15 Neth. Q. Hum. Rts. 175 (1997)
Rules of Law from Westport to Wladiwostok - Separate Opinions in the European Court of Human Rights

handle is hein.journals/nethqur30 and id is 186 raw text is: Rules of Law from Westport to Wladiwostok. Separate Opinions
in the European Court of Human Rights
Fred J Bruinsma and Matthits de Blois*
Abstract
Whereas lawyers usually pay only attention to the added value of majority judgments in
courts, we have taken an interest in the separate opinions of the European Court of
Human Rights (the Court). The jurisdiction of this court stretches from Westport (Ireland)
to Wladiwostok (Russia), and from Iceland to Cyprus. Member States of the Council of
Europe have a right to select a national for the Court, and are politically expected to
accept the Court's jurisdiction. The Preamble of the European Convention for the
Protection of Human Rights and Fundamental Freedoms (ECHR) states that the
participating European countries have 'a common heritage of political traditions, ideals,
freedom and the rule of law'. Article 51(2) ECHR entitles any judge to deliver a separate
opinion, and pursuant to Article 43 the judge of the State in the dock sits ex officio. These
two articles taken together inspired us to hypothesise about the separate opinion: does a
judge dissent more often if the majority finds a violation of the Convention by his/her own
country? A separate concurring opinion might be understood if we consider the judge as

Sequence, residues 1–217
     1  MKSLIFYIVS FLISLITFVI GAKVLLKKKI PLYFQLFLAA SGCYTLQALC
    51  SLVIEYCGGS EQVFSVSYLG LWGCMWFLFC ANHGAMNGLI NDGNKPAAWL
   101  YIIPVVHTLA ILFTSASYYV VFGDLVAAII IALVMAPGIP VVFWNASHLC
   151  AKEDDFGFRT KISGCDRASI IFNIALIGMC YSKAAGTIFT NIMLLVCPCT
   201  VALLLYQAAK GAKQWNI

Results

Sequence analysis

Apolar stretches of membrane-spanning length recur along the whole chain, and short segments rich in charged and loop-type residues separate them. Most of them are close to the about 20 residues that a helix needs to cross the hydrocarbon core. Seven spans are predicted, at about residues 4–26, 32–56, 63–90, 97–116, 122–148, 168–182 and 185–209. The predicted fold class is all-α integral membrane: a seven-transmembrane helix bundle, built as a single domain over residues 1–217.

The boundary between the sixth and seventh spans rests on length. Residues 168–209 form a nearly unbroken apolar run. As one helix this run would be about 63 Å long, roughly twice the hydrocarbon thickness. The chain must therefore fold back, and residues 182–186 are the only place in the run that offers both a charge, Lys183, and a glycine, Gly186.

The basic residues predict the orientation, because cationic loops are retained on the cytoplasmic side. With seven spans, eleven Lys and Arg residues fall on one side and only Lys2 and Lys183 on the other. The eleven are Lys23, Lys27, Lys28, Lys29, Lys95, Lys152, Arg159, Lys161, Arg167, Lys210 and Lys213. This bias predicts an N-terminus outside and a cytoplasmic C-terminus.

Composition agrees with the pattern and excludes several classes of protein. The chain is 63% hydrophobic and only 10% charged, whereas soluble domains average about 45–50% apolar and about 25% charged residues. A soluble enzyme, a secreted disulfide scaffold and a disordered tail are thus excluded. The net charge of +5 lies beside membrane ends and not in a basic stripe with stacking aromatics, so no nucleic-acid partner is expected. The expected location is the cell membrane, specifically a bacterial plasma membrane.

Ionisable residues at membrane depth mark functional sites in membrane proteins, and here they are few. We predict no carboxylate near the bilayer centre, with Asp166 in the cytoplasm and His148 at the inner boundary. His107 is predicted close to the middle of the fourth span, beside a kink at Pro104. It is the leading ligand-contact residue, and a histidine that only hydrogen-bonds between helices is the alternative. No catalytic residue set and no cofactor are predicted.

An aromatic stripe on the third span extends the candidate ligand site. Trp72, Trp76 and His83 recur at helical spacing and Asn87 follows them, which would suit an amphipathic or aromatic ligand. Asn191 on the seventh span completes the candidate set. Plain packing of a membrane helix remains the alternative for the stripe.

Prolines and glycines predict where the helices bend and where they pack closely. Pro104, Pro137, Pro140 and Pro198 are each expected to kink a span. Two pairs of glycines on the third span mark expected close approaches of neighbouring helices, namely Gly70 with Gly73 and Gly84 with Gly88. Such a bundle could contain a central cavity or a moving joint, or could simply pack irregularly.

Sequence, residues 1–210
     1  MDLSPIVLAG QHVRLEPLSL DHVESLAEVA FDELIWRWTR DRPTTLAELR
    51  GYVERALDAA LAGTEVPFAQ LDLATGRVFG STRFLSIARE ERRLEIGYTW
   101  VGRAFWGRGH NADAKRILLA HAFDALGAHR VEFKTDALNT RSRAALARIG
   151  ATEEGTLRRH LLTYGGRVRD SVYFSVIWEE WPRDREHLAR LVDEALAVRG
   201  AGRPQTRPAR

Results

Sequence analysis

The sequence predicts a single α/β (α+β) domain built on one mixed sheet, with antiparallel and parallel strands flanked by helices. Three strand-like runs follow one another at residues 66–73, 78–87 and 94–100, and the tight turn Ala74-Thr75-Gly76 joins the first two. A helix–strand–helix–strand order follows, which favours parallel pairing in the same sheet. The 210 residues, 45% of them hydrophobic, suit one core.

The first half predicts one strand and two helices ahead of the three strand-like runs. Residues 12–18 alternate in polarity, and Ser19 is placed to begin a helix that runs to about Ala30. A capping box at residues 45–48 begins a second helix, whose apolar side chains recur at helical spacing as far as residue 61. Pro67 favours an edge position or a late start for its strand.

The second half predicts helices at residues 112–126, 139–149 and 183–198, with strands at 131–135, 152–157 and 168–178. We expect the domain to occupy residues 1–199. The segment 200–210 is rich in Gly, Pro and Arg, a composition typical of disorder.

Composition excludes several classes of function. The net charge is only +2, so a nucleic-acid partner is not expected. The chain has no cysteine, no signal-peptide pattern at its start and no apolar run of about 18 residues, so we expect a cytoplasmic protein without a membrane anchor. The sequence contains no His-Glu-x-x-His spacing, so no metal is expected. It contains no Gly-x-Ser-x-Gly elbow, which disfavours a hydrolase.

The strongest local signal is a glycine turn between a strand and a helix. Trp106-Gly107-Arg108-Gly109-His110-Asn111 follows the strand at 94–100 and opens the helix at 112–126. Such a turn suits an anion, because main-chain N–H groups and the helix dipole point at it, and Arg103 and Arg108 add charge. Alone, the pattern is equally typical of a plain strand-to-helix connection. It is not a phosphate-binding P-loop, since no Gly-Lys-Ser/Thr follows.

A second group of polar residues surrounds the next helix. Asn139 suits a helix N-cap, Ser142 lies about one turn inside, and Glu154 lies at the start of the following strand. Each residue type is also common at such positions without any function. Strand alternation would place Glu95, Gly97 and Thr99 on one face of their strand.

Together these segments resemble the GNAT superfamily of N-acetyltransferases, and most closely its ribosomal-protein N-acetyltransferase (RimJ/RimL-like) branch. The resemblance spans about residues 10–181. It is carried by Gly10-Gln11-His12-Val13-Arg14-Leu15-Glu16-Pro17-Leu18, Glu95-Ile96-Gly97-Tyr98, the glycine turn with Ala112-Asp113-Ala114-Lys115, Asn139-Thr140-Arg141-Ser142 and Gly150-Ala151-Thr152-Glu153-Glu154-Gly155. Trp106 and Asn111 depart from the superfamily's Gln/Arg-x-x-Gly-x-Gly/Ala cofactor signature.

an intermediary between the international court and national audiences. Both ways,
separate opinions are seen as expressions of a national orientation. On the basis of a
quantitative research of the voting pattern from 1991 to 1995 we may conclude that the
Court has become a truly international court, since it does not show any impact of
national backgrounds. However, underneath the surface offigures we found some striking
examples of national bias in separate opinions. In the second half of this article we bring
them together under the heading of conservatism and judicial restraint - a separate
undercurrent of the Court's mainstream of liberalism and judicial activism. There is not
just one rule of law in Europe, there are many rules of law. But to see them you have to
look beyond the majority judgment.
I National Judges in an International Court
The nomination procedure explicitly takes into account the national background of the
judges in the Court. Article 38 states:
'The European Court of Human Rights shall consist of a number of judges equal to that of the
Members of the Council of Europe. No two judges may be nationals of the same State.'
Article 39(1) states:
'The members of the Court shall be elected by the Consultative Assembly by a majority of
votes cast from a list of persons nominated by the Members of the Council of Europe; each
Member shall nominate three candidates, of whom two at least shall be its nationals.'
The authors both work at the Department of Legal Theory of the Law Faculty of Utrecht University. A
Dutch version of this article has been published in the NJCM-Bulletin, Vol. 21, No. 7, 1996, pp. 889-904.
Netherlands Quarterly of Human Rights, Vol. 15/2, 175-186, 1997.
0 Netherlands Institute of Human Rights (SIM). Printed in the Netherlands.    175

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